This week’s issue of The New Yorker came packed with articles I was looking forward to reading (Woody Allen! Malcolm Gladwell! A profile on the sisters behind the Rodarte line!). But, best of all: fiction by T. Coraghessan Boyle. I love discovering new authors here, but I love a solid story from a revered story-teller even more.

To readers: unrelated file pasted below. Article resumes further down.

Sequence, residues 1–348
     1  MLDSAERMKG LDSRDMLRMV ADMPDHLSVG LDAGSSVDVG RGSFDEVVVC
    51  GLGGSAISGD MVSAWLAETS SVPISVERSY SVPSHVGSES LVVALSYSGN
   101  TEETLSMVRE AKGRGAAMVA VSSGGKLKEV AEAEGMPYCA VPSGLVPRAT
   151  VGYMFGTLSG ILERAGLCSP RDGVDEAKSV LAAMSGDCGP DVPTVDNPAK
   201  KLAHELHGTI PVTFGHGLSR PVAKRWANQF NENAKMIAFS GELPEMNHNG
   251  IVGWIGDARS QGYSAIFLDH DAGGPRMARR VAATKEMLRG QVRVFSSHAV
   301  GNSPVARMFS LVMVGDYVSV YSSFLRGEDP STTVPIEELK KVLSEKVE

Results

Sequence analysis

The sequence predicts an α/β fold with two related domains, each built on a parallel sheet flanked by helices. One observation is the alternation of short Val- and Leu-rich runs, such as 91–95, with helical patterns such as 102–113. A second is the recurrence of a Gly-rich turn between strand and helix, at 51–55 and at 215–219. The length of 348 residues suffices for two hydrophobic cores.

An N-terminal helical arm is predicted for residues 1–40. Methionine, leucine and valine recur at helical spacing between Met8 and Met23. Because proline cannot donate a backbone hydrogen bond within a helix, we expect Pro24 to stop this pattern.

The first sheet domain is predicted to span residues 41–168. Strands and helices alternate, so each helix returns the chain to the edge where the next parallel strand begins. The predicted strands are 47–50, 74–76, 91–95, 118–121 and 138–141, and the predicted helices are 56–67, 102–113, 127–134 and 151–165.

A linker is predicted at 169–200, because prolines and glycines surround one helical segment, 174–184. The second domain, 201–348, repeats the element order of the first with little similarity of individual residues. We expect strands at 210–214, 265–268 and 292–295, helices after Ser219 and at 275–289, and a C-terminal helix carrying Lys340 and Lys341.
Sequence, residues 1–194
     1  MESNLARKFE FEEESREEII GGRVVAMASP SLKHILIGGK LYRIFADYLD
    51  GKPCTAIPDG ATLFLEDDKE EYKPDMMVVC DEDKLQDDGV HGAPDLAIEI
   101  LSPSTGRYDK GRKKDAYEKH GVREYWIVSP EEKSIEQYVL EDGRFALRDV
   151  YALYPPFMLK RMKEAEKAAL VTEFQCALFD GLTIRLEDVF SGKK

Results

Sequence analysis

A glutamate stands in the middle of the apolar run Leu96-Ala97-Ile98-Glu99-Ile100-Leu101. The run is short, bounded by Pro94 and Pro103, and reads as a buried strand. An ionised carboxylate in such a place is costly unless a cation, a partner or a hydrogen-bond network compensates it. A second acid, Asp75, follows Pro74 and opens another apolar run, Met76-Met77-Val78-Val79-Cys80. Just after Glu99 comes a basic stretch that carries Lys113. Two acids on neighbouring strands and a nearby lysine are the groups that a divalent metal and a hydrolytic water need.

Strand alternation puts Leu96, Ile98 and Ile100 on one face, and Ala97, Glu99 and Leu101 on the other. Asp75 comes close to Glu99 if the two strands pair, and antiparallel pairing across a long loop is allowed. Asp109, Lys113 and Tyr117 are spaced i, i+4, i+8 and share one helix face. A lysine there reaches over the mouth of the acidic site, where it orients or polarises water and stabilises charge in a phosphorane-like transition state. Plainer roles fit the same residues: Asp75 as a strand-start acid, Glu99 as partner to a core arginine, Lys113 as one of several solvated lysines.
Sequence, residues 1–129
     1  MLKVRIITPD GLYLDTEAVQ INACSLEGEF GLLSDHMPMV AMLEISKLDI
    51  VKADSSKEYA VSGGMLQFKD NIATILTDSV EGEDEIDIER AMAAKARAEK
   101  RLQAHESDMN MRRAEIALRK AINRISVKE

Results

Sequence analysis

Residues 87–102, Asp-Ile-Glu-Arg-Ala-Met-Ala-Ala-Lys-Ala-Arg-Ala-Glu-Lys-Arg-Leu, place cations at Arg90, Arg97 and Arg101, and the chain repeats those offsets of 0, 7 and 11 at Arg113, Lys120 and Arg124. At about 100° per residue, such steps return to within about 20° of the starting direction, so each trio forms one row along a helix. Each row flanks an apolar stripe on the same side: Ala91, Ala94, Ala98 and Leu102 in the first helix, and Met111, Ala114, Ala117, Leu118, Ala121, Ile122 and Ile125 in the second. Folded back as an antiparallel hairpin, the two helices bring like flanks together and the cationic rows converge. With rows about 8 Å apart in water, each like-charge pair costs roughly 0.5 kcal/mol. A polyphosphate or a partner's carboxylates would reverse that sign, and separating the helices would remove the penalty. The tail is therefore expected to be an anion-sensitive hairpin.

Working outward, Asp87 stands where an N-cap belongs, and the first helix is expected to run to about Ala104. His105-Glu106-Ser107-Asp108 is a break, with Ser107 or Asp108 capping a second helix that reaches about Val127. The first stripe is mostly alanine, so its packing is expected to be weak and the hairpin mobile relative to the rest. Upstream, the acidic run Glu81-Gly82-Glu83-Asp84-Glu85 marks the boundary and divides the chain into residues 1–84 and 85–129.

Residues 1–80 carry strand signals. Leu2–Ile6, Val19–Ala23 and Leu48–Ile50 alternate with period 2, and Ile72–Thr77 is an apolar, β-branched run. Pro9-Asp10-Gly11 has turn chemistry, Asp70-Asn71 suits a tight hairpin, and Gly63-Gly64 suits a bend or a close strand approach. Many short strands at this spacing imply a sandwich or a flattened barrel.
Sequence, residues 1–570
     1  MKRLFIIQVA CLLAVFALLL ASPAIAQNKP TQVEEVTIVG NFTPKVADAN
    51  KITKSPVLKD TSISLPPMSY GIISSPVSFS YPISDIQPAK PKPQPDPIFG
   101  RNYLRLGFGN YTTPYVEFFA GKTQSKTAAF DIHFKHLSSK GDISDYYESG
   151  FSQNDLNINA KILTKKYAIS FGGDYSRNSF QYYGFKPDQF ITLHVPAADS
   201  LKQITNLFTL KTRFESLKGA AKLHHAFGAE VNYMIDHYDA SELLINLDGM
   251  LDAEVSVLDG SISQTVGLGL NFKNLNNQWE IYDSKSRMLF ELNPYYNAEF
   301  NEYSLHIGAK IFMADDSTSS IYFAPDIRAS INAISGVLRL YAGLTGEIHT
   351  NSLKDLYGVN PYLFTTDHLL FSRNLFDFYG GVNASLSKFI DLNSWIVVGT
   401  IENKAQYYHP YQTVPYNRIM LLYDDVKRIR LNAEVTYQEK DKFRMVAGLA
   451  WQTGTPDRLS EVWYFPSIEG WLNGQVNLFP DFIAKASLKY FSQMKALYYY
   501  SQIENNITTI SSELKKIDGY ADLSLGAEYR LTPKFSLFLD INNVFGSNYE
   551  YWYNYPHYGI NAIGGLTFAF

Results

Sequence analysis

1/18/10 – A Death in Kitchawank, T. Coraghessan Boyle. I’ll try not to say this in every post, but…this was my favorite story, so far. Can’t help thinking: “this is how you write a short story!”. Incredibly well-written; a quiet tone capturing little snapshots of a suburban housewife’s life; poetry disguised as prose. Tragedy is expected and implied in the title, but I thought the whole story was slightly depressing (that’s a strong word; maybe “heavy” is better?). The narration moves forward rapidly, offering a single scene from various stages in this woman’s life, most recounted from inside her home. It’s all so realistic (and maybe that’s why it felt heavy)…this woman could represent hundreds of others just like her. But, Boyle quietly weaves unique moments in and around the normalcy, making each and every detail burst with meaning. Must stop here, as I don’t want to share too much/give anything away. Do give it a read, though. A favorite line: “The tragic days of our lives, the days of accounting, begin like any other, with routine, with the bagel in the toaster and the coffee on the stove.“